The Treasury market has cooled off substantially since the epic sell-off and attendant rise in yields that sent volatility soaring to multi-year highs in May and June as traders have left Wall Street for summer vacation and trading volume has fallen to its lowest levels since Christmas break.
The chart at right shows the yield on the 10-year Treasury note in blue and volatility in the Treasury market — proxied by the Merrill Lynch Option Volatility Estimate (“MOVE”) Index — in red.
Since the last big move upward on July 5, 10-year Treasury yields have traded in a range between roughly 2.5% and 2.7%, while volatility in the market has fallen 36%.
Meanwhile, trading volume has cratered, as the chart below illustrates.
However, volatility in the Treasury market is set to rise again in the coming weeks, according to strategists at BofA Merrill Lynch, who warn clients in a note over the weekend: “Don’t get lulled by the summer doldrums.“
“As investors escape to more relaxed environs, it is easy to think that the next several weeks will be relatively quiet ones for financial markets; we urge caution,” says BAML technical strategist MacNeil Curry. “A seasonal analysis of our MOVE Index (aka the Merrill Option Volatility Estimate) says that fixed income implied volatility tends to jump sharply during August. With the recent range in U.S. Treasury yields growing mature and poised to complete (we continue to target 2.85%/2.95% in US10s), the potential for fixed income implied volatility to hold to its seasonal norms is too high to be ignored.”
In a separate note to clients over the weekend, BAML credit strategist Hans Mikkelsen issues a similar warning:
While straight line increases in interest rates make sense as forecasts, it goes without saying that in reality interest rates will at times overshoot and undershoot these forecasts. As credit strategists we are especially concerned about the overshoot scenario in the short term – in particular between now and the September 19th conclusion of the next FOMC meeting for three reasons.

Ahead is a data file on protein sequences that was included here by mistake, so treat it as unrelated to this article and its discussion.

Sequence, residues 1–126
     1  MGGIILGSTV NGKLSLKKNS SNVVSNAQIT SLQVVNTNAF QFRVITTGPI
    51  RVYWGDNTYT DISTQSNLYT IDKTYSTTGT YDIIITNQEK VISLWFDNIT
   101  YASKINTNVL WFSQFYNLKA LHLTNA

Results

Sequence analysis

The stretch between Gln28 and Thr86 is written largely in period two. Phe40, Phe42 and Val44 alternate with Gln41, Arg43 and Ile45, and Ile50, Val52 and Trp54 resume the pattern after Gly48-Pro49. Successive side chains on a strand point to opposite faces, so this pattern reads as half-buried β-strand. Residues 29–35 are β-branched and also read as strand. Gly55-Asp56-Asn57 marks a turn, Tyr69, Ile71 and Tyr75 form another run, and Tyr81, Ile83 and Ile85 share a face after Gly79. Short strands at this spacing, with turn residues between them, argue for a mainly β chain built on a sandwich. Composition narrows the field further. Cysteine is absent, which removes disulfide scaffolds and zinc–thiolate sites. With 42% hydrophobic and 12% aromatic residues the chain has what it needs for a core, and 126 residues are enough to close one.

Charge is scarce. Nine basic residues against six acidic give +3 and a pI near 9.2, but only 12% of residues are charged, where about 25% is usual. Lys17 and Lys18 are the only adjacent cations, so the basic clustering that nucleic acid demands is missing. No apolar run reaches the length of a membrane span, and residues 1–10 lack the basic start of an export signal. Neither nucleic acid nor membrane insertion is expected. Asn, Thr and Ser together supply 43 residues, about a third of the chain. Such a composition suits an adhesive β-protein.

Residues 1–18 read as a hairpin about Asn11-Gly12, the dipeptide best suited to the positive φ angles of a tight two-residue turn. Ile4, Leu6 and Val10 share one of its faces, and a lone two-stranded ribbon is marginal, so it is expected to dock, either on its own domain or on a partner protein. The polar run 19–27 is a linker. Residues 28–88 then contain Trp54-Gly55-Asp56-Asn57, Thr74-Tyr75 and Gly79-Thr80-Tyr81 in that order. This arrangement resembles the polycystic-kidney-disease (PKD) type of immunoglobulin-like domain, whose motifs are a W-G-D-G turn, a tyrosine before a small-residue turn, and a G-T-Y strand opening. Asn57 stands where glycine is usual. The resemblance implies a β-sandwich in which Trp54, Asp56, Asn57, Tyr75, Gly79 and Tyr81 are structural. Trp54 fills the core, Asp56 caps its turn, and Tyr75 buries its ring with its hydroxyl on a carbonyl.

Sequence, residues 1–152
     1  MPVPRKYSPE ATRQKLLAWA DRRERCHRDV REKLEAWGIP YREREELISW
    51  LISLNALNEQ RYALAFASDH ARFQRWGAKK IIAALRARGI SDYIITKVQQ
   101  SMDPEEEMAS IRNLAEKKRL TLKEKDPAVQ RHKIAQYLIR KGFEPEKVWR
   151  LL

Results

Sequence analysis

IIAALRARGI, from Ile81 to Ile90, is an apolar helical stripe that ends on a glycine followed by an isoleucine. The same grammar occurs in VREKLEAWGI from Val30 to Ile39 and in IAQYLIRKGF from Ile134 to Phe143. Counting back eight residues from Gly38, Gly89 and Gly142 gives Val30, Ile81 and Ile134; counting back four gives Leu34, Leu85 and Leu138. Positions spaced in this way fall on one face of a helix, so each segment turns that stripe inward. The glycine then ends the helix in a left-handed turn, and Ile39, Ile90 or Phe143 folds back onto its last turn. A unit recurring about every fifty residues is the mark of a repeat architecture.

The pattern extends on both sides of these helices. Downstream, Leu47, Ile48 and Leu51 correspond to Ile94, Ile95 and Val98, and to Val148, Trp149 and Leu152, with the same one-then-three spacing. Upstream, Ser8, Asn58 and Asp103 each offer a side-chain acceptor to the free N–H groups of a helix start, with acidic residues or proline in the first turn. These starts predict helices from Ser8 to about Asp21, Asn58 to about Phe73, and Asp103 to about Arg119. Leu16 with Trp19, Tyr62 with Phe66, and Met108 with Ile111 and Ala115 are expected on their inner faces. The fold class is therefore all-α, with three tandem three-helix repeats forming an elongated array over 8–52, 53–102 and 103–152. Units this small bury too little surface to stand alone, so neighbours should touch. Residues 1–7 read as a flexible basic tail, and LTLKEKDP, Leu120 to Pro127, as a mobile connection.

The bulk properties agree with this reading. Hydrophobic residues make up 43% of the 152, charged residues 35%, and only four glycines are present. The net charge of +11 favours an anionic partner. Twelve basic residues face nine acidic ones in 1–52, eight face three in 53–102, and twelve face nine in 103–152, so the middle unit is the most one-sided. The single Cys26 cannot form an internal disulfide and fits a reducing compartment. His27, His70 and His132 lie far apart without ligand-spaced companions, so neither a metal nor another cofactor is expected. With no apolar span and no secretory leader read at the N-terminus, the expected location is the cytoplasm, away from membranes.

First, we are currently experiencing upside surprises to economic data as highlighted by the spike in Citi’s economic surprise index. Second there is significant communication and implementation risk associated with the coming QE tapering. Third, as our interest rate strategists have pointed out repeatedly … unlike over the past several years, it is not clear who is going to step in and support Treasuries this time, should they sell off further.
Mikkelsen elaborates on that last point, questioning who could step in to support the market in the event of another sell-off:
Since the financial crisis, Treasuries have been supported by numerous types of investors, including mutual funds/ETFs, banks, [emerging market] central banks and the foreign official sector (in addition to the Fed of course). However, these four sources of Treasury demand are unlikely to support the market in the short term going forward.
First, with continued outflows from non-short term high grade bond funds, money managers are unlikely to provide support for Treasuries any time soon.
Second, with increasing loan demand reducing the need for banks to support profitability by buying Treasuries, as well as significant mark-to-market losses in [available-for-sale] portfolios that in the future will count against capital, banks are unlikely to add long-duration assets in a rising interest rate environment.
Third, in light of continued depreciation of [emerging market] currencies, it appears unlikely that [emerging market] countries are experiencing inflows that need to be reinvested in Treasuries.
Finally, custody holdings of Treasuries continue to decline, suggesting foreign official sales of Treasuries.
Put everything together, and the stage may be set for another spike in volatility between now and September 19.